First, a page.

Adam shook away the memory. He stared across the room towards Deke. He was a mound of grey flesh on the other bunk on the opposite wall. It was too cold to do right by his brother and bury him. Adam had let him rest where he was. He had even pushed his eyelids closed like he was sleeping. If he didn’t think too hard on it maybe he could just pretend that’s all it was. His brother would wake up and they would both shrug off all these nightmares. His brother would come back. They could go on as they always had.
Deke was a real bastard. He was a murderer and a horse thief. He was also his older brother. It was Deke who took care of him after that whore that gave them birth died. It was his brother, Deke who took beatings in his place when their pa came home with a mean drunk on. It was Deke who kept that man from ever hurting them again. It was Deke who battered that Cherokee’s body unrecognizable. He was the one who left her broken body in that fast running creek..Deke took to drinking like he would . He left that ex-preacher, Morris shot and slumped against a tree a few days after the murder of the woman. That was what happened if you chose to speak up to Deke. If any of them was responsible for what came next then… It was Deke.
One by one they had all got sick like a fever. Sweats and so much pain in their bellies like being gut shot. All but Adam had caught it and one by one they all had died of it. Even Deke had gave in at the last to the sickness. So he laid now in the room with Adam just as cold and dead as they had left her in that riverbank.
Adam swung his legs over the side of the bed. The tender part of his foot touched a sharp rock. He shook of the chill that assaulted his sweat-soaked body. It was dead cold. The ground was hardened and cold as he found his pants there and stepped into them. He pulled on some long socks drying across the stove and then put them into his boots. He grabbed a bottle out of his satchel and took a swig of the rotgut whiskey inside. He dragged a chair across the dirt floor and near Deke’s bed. He took a quick inventory of what was left. He had a shovel near the door. He had brought in the wood ax and set it near a big pile of lumber. He had a hammer. There weren’t much else of any use.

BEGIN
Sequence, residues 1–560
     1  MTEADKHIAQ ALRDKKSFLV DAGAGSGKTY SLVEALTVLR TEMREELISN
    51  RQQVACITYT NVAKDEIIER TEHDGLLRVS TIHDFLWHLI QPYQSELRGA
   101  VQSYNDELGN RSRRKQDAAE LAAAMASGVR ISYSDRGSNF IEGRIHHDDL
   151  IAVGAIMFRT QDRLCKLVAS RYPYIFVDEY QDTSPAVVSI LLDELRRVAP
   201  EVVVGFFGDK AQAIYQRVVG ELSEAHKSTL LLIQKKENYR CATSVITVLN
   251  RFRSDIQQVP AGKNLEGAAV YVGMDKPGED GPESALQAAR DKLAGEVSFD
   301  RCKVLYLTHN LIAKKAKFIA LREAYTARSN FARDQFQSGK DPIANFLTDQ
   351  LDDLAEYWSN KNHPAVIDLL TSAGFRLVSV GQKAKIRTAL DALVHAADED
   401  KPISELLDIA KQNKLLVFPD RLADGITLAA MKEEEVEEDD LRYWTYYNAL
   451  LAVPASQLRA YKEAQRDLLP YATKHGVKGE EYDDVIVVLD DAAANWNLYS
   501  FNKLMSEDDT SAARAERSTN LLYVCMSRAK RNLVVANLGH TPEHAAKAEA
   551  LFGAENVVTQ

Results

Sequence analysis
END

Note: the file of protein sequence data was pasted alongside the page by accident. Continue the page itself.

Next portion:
He had that old preacher’s battered black book. The gilded pages were torn loose from their binding and covered in gore. Adam was tempted to open it but he knew the hypocrisy in that. There was no salvation for any of them. They were bad men. They were very bad men. Hell would spit them out.
He pulled his .45 from out of some folded clothes in his bag. There was one shot left.
Peeking out the frosted window, Adam saw large black birds sitting in the trees. A nauseating smell wafted in on the cold north wind. Adam could see the signs. They were coming back.
He lit a kerosene lamp and several candles. He grabbed the hammer and began to board over the door and the windows. His eyes fell on Deke’s body. It was a mistake to lock himself inside with him but it was his brother. He would finish the job.
Adam blew out the kerosene lamp and began to douse the beds and the rest of the house.
It was just before morning when he heard the yipping and yowling. Bodies rushing from out of the brush around the bunkhouse. The boards began to shake. Kicking and screaming were just outside the door.
One shot. That had to be enough.
Deke’s body began to tremble like a patient in a fever. His chest quaked. His head turned quickly back and forth then towards Adam. The lids flipped open and two pupils like ebony beads met Adam’s eyes.
The candle turned over into the kerosene. A single shot rang out.
Deke came back.
…and Hell followed after.
Cowboy Zombie (Photo credit: Visceral e Insolúvel)